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How Do I Buy Benefits for Just One Employee?

I am in the planning stages of opening a business. The company will initially have only one employee and be based in Minnesota. I'd like to know how to establish a benefits plan. I realize that several benefit plans are available. I'm battling with what's prudent vs. what's required and what's nice to have vs. what's needed. Also, how should buying benefits change when additional employees are hired?
Different states may have different options, but major carriers usually won't write a policy for an enterprise with fewer than five full-time, eligible employees. Here are two alternatives to consider.

1. Hire a benefits insurance broker, who can look for non-major carriers that might write this insurance for you, such as a local HMO, for example. To find a broker, ask other business owners who they use or request a recommendation from the local chamber of commerce.  

2. Simply provide your employee with a set amount per month with his or her paycheck for the express purpose of purchasing his or her own health insurance. If you go this route, it's a good idea to require proof of insurance from the employee. For example, within 30 days of his or her date of hire, require proof of the amount paid for the insurance coverage. The amount you pay monthly is intended as an offset of some of the insurance cost. It need not cover a specific percentage of what the employee pays. It is like a gift that you are giving, similar to paid time off work for vacation and holidays. Establish an amount and stick with it for everyone you hire.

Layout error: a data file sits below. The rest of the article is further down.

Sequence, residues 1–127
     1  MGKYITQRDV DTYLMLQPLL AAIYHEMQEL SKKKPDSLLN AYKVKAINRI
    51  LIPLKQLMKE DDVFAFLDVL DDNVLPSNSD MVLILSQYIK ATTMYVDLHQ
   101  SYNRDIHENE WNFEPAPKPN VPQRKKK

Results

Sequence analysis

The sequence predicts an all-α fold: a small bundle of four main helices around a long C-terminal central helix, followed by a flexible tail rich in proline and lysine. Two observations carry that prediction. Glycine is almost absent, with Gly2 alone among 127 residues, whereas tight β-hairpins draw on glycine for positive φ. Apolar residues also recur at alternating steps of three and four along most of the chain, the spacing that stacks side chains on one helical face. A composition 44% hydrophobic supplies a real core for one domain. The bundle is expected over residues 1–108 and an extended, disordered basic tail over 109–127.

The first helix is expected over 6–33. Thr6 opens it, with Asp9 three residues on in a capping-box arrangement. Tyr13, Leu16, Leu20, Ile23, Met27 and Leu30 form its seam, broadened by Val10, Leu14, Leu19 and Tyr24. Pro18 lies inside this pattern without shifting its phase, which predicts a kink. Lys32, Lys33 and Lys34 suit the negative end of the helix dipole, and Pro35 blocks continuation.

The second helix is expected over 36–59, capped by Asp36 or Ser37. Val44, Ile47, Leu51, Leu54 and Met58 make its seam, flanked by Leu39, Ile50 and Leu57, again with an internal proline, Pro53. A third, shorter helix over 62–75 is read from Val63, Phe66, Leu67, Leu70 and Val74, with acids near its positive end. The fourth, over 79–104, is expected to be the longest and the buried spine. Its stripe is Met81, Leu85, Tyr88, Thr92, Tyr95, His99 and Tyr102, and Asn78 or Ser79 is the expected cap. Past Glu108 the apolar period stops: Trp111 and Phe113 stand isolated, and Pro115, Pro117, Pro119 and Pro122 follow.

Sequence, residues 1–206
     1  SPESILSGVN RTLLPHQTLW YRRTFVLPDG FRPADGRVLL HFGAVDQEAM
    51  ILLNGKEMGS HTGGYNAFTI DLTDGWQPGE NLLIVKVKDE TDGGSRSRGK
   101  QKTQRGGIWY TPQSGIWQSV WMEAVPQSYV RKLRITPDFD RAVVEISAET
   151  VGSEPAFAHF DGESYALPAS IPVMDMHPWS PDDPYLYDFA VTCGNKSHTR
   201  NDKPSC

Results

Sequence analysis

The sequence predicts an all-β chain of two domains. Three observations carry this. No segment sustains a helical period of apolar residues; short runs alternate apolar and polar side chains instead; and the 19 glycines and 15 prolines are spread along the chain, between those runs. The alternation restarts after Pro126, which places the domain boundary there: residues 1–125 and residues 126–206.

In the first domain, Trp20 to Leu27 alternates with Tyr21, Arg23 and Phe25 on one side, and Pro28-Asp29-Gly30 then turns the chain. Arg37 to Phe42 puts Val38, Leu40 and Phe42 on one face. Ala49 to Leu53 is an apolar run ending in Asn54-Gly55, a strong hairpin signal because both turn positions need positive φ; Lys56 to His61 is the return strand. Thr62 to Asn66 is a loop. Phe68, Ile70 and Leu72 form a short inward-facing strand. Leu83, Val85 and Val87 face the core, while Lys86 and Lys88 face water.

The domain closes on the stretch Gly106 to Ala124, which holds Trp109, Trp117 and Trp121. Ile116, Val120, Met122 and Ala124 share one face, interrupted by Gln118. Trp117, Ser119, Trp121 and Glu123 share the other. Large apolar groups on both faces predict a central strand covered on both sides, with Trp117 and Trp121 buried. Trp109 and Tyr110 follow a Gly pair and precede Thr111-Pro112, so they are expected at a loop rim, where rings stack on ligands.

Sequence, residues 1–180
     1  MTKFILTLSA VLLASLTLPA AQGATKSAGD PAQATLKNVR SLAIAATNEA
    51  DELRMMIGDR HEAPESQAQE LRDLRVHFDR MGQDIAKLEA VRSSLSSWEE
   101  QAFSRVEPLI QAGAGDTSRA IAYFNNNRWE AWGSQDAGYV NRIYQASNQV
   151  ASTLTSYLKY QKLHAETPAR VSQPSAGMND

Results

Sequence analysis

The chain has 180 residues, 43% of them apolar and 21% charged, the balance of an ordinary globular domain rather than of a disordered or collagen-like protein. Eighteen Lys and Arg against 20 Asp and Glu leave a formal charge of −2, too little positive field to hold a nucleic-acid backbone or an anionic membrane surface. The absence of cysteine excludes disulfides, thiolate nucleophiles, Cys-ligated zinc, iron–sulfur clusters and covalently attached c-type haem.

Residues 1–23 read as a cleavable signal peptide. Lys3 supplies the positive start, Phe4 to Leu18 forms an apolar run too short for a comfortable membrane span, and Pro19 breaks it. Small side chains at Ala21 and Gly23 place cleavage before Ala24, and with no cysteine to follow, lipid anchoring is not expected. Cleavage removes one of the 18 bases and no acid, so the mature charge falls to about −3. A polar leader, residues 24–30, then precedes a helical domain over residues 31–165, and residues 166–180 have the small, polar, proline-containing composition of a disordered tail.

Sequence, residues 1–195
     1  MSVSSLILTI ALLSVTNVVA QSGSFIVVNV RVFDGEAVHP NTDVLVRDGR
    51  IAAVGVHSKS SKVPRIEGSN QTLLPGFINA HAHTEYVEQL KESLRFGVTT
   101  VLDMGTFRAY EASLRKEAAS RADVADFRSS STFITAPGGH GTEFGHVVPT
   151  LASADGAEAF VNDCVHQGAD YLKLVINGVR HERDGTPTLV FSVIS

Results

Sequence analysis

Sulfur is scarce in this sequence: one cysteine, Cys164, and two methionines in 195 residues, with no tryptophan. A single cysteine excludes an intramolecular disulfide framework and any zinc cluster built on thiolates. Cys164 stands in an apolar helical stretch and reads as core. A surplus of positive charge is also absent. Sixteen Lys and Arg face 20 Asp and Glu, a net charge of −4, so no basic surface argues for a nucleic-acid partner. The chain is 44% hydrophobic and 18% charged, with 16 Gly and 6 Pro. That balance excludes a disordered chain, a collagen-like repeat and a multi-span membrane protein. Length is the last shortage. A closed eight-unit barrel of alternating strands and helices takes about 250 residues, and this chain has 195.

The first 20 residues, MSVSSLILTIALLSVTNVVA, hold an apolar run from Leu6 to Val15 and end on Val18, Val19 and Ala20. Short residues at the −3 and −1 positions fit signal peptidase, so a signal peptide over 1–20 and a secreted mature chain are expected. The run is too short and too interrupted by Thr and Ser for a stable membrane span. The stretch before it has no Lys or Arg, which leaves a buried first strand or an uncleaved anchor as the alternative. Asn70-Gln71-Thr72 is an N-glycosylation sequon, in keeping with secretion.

You might also identify a broker to help the employee with purchasing individual coverage. But this is a nice but not necessary.

If you choose this option, when your company grows to five full-time employees, then you may decide to revisit offering coverage through a broker/major carrier. 

Be aware, however, that typically employers can't please everyone with whatever they offer, no matter how hard they try. 

Offering health coverage is extremely expensive to employers, and it was becoming out of reach for many smaller companies well before the recent federal health-care law was passed. Letting people find and select the coverage that they want or need may be the best decision. There are high-deductible plan types with Health Savings Accounts that might be perfect for some people, while others will want coverage that includes lower deductibles and co-pays.